…The world of humanity is possessed of two wings — the male and the female. So long as these two wings are not equivalent in strength the bird will not fly. Until womankind reaches the same degree as man, until she enjoys the same arena of activity, extraordinary attainment for humanity will not be realized…
The Promulgation of Universal Peace: Talks Delivered by ‘Abdu’l-Bahá during His Visit to the United States and Canada in 1912, p 375
The emancipation of women, the achievement of full equality between the sexes, is one of the most important, though less acknowledged prerequisites of peace. The denial of such equality perpetrates an injustice against one half of the world’s population and promotes in men harmful attitudes and habits that are carried from the family to the workplace, to political life, and ultimately to international relations. There are no grounds, moral, practical, or biological, upon which such denial can be justified. Only as women are welcomed into full partnership in all fields of human endeavour will the moral and psychological climate be created in which international peace can emerge...
The Universal House of Justice, The Promise of World Peace, p 9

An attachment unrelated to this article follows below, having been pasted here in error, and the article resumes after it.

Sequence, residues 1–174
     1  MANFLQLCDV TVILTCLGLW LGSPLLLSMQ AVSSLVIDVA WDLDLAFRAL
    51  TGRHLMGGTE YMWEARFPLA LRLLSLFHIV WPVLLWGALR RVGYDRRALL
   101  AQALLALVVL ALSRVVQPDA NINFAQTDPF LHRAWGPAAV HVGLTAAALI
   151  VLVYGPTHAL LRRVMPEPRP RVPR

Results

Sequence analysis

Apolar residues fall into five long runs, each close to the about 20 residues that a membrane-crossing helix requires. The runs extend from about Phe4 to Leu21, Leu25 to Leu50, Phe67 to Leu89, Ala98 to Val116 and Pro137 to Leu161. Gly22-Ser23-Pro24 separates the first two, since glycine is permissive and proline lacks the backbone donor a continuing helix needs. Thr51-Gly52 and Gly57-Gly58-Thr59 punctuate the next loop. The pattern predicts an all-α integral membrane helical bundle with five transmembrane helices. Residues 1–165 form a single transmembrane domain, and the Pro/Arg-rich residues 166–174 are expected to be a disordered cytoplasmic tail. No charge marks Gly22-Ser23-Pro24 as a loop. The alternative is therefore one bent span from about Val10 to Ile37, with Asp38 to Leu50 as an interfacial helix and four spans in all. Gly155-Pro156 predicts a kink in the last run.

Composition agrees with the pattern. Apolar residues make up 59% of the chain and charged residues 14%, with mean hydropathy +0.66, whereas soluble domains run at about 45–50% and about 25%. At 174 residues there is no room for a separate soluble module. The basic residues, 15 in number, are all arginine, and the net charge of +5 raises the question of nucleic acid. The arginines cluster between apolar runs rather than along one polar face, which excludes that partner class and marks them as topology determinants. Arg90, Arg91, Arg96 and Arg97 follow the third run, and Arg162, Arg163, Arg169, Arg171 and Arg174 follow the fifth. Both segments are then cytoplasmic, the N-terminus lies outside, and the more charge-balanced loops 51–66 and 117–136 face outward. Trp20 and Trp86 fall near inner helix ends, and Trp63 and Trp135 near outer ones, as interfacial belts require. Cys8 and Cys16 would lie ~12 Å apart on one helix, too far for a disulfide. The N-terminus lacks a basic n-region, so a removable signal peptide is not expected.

The Brahma Kumaris recognise the intrinsic worth of every human being. We seek to help everyone rediscover his or her potential for greatness by encouraging and facilitating a process of spiritual wakening through B.K. meditation. Today, the BK’s worldwide organisation continues to follow the understanding that equality and respect between men and women is based on the awareness that we are all peaceful souls.
“When you use the power to oppose the family, the family does not become powerful. Even if you do not like something, you should still have respect and regard for one another, you should not cut off someone’s idea or words at that time. Therefore, you now have to imbibe the power to accept. There should be closeness and unity within the family."
Equality is promoted in Buddhism. Buddha said anyone can be a Buddha as long as you practice mindfulness. It is recognised that people are different due to their physical and psychological factors, but we all need to be treated equally. It is a classroom of various strengths and the teacher has different ways to reach these students but she/he does care for everyone in the class and help them to succeed. It is not just equality but equity, and it is respected in Buddhism.